CANCER PATIENTS RECRUIT OUTSIDE LIFELINE: Malvika Vyas has signed on to help the European Cancer Patients Coalition get back on track after years of infighting and staff struggles. A veteran of the Brussels cancer policy space, Vyas will serve as a “strategic adviser” to the ECPC through the consultancy she founded, Global Cancer Strategies.

Mission: Vyas’ mandate is to work with the ECPC’s board on a “new strategic direction,” she said in an interview this morning, while helping create “resilient” organization on an operational level.

Motivation: “It’s still the only umbrella organization representing hundreds of national patient organizations,” she said, so “its presence is really important at the EU level.”

Mindset: “We need to acknowledge that there was a challenging situation, and we need to create a constructive way forward,” Vyas said. “And that’s exactly what ECPC is doing, one step at a time.”

Horizon: Working with ECPC through her consultancy will help Vyas maintain some “neutrality,” she said. She’ll help manage all parts of the ECPC’s operations as they work toward eventually hiring a director. Her commitment at this point is “at least a year.”

BANKING (LOBBY) BAILOUT: The shotgun marriage of Credit Suisse and UBS almost led to an unexpected casualty in the Brussels bubble, my colleague Hannah Brenton reports. The official-sounding Swiss Finance Council, which until March 17 represented the positions of the “internationally active Swiss financial institutions” — aka the two banking giants — would perhaps have been forced to rebrand itself as merely: “UBS.”

But by a happy twist of fate for the lobby, just days before Credit Suisse’s demise, it expanded its membership to include the Association of Swiss Private Banks (ABPS), the Asset Management Association Switzerland (AMAS), the Swiss Bankers Association (SBA) and the Association of Swiss Asset and Wealth Management Banks (VAV). Still, it might need to rethink the spot on its board held by Credit Suisse Chairman Axel Lehmann.

CONGRATS: Rud Pedersen Public Affairs won the PRovoke Media’s 2023 EMEA SABRE award for public affairs agency of the year last week in Frankfurt. Also nominated: Grayling, PLMR, SEC Newgate and WA Communications.


Tommaso Grasso and Nunzio Scalera were recently promoted to account executive on BCW Brussels’ sustainability team, working on chemicals.


— The European Environment Agency’s management board selected Leena Ylä-Mononen to a five-year term as executive director. Currently the director general for environmental protection at Finland’s environment ministry, Ylä-Mononen will succeed Hans Bruyninckx in June.


Publyon (as in, “beyond public affairs”) is the new name of the firm formerly known as Dr2 Consultants.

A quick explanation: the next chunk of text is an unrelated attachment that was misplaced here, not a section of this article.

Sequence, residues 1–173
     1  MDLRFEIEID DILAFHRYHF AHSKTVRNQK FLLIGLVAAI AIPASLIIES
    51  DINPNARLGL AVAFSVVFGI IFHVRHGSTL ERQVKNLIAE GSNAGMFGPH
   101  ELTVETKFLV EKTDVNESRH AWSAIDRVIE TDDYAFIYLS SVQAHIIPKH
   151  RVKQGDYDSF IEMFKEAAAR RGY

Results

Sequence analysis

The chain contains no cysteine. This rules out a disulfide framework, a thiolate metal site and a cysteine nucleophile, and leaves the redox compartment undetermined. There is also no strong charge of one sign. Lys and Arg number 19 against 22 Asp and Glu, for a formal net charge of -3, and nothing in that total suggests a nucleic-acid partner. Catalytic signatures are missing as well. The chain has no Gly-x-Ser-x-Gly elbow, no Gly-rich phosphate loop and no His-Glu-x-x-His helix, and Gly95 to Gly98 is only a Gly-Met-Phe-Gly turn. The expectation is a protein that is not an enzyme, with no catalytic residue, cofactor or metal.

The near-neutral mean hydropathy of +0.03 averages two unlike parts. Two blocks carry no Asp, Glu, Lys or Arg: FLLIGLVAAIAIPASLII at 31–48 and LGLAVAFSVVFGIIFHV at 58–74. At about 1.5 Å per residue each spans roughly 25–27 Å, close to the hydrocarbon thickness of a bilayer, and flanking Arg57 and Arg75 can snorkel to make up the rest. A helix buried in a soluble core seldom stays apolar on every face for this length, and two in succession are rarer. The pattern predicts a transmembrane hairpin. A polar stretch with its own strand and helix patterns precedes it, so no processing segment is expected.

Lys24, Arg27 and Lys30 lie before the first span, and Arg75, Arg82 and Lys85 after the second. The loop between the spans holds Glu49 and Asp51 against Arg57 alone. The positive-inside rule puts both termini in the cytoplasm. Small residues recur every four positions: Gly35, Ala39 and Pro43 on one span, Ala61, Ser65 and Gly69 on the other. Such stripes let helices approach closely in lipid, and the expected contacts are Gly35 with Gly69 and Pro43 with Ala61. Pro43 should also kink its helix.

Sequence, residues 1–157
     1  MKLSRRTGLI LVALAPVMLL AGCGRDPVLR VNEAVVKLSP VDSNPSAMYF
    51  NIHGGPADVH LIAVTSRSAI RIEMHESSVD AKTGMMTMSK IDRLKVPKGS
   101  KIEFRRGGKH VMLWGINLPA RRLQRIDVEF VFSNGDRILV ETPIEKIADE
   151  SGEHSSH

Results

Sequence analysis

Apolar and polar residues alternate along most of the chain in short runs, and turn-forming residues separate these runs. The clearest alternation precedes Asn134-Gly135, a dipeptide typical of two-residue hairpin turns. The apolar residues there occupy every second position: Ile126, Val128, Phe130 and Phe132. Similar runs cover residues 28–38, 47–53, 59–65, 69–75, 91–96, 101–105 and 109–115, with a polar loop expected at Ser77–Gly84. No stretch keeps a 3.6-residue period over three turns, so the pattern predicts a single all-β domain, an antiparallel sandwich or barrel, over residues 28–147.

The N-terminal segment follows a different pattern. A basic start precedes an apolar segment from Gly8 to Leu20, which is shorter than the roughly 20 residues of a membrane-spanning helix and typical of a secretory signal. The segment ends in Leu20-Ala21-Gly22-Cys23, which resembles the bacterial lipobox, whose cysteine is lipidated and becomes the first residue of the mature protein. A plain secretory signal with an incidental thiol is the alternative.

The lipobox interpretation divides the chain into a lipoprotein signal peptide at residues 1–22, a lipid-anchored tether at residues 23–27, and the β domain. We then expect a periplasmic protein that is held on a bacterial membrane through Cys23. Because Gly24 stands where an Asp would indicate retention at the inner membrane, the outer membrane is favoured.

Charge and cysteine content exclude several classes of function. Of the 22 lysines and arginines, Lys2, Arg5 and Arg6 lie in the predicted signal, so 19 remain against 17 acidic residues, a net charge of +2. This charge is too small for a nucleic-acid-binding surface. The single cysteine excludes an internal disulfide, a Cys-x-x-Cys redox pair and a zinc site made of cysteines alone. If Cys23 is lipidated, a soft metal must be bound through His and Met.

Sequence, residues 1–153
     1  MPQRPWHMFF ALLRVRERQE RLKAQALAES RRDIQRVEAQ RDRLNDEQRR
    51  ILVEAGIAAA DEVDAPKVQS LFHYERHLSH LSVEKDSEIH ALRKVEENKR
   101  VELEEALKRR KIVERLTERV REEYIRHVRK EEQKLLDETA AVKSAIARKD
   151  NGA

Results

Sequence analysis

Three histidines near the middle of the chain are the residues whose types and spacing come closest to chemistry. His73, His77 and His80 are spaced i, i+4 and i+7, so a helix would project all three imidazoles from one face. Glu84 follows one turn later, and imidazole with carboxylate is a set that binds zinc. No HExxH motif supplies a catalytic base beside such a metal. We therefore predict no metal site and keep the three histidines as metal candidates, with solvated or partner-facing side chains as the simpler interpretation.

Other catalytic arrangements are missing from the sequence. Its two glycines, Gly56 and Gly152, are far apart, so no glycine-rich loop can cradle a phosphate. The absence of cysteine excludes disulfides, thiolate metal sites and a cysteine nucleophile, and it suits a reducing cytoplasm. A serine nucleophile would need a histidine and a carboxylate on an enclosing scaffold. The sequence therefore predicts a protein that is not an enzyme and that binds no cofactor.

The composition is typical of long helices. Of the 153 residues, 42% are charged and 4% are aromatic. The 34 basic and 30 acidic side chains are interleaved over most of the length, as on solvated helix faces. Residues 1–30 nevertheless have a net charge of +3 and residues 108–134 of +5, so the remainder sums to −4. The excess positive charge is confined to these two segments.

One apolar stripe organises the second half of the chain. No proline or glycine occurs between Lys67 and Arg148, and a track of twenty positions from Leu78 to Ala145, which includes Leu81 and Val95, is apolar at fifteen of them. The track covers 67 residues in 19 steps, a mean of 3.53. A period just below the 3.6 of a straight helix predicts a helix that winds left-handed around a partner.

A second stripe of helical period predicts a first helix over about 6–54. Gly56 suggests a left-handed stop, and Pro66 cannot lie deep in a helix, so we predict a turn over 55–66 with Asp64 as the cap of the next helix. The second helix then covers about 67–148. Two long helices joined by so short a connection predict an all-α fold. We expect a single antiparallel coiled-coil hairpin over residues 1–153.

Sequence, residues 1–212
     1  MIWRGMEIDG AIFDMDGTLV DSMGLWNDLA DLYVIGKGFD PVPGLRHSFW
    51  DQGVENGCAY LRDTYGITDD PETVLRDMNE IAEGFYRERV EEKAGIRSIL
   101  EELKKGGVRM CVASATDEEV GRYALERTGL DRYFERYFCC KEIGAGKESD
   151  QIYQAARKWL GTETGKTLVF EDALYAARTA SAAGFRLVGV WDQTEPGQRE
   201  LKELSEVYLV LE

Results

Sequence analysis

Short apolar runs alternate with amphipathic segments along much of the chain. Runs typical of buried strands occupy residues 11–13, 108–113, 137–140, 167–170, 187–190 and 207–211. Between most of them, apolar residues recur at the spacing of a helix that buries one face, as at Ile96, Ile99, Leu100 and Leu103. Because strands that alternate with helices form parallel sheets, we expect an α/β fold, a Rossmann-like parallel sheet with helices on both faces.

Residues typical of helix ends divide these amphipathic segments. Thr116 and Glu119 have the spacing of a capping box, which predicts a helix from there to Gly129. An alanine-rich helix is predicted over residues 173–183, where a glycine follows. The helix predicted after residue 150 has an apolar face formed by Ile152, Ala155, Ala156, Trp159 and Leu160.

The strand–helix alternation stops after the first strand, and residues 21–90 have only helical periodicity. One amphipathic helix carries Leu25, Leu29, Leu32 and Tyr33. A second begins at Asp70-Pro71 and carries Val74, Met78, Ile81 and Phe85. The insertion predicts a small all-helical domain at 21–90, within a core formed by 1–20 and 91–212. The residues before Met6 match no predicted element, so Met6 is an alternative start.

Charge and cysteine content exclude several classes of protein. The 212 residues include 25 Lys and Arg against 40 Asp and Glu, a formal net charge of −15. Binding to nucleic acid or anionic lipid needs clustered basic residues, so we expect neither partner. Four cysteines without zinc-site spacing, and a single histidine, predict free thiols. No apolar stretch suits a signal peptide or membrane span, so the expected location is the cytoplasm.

Qorvis has named its first partner in Brussels, promoting Daniel Rocha.

Fredrik Wesslau, a former deputy head of the EU Advisory Mission to Ukraine, joins Rasmussen Global as a senior adviser.

Simon Dutré has been promoted to account executive in BCW Brussels’ digital and creative practice.


Helen Oberg joins Novo Nordisk as associate director for EU government relations. She previously worked for Abbott.

— Also at Novo Nordisk, Alexander von Wildenrath Løvgreen has been promoted to policy lead.

Marek Kortus is now an account executive, health care and food, at BCW Brussels.


Simon Albers is a new account executive working on financial services at FleishmanHillard EU.


Ourania Georgoutsakou, previously of Lighting Europe, is the new managing director of Airlines for Europe.

KLM’s Jeroen Hardenbol is leaving Brussels for the airline’s headquarters in Amstelveen, The Netherlands, where he’ll focus on national politics as director of public affairs. That makes Luuk Bobbink manager European affairs, KLM’s main rep in the EU seat.


Tom Vöge, previously of the Cadmus Group, will join Eucobat, the European association of national battery collection schemes, as executive director.

Darius Movaghar joined BCW Brussels’ sustainability practice as an account director, via NOVE Public Affairs.

— Spearheaded by CEPI, 14 associations from the paper, packaging and other wood-based industries have formed the Cross-sectoral Coalition for Circular Choices for the EU’s Bioeconomy, with support from some forestry groups. They’re aiming to “collectively reach climate change migration equivalent to 30 percent of EU annual CO2 emissions.”


Taso Advisory, a U.K.-based tech consultancy, opened offices in Brussels and Dublin this week. Simone Casadei Pastorino, formerly of the consultancy Press Shift, is heading up the Brussels operation.

THANKS TO: Jakob Hanke Vela, Hannah Brenton, Mari Eccles, Aoife White and Louise Guillot; web producer Giulia Poloni and my editor, Sonya Diehn.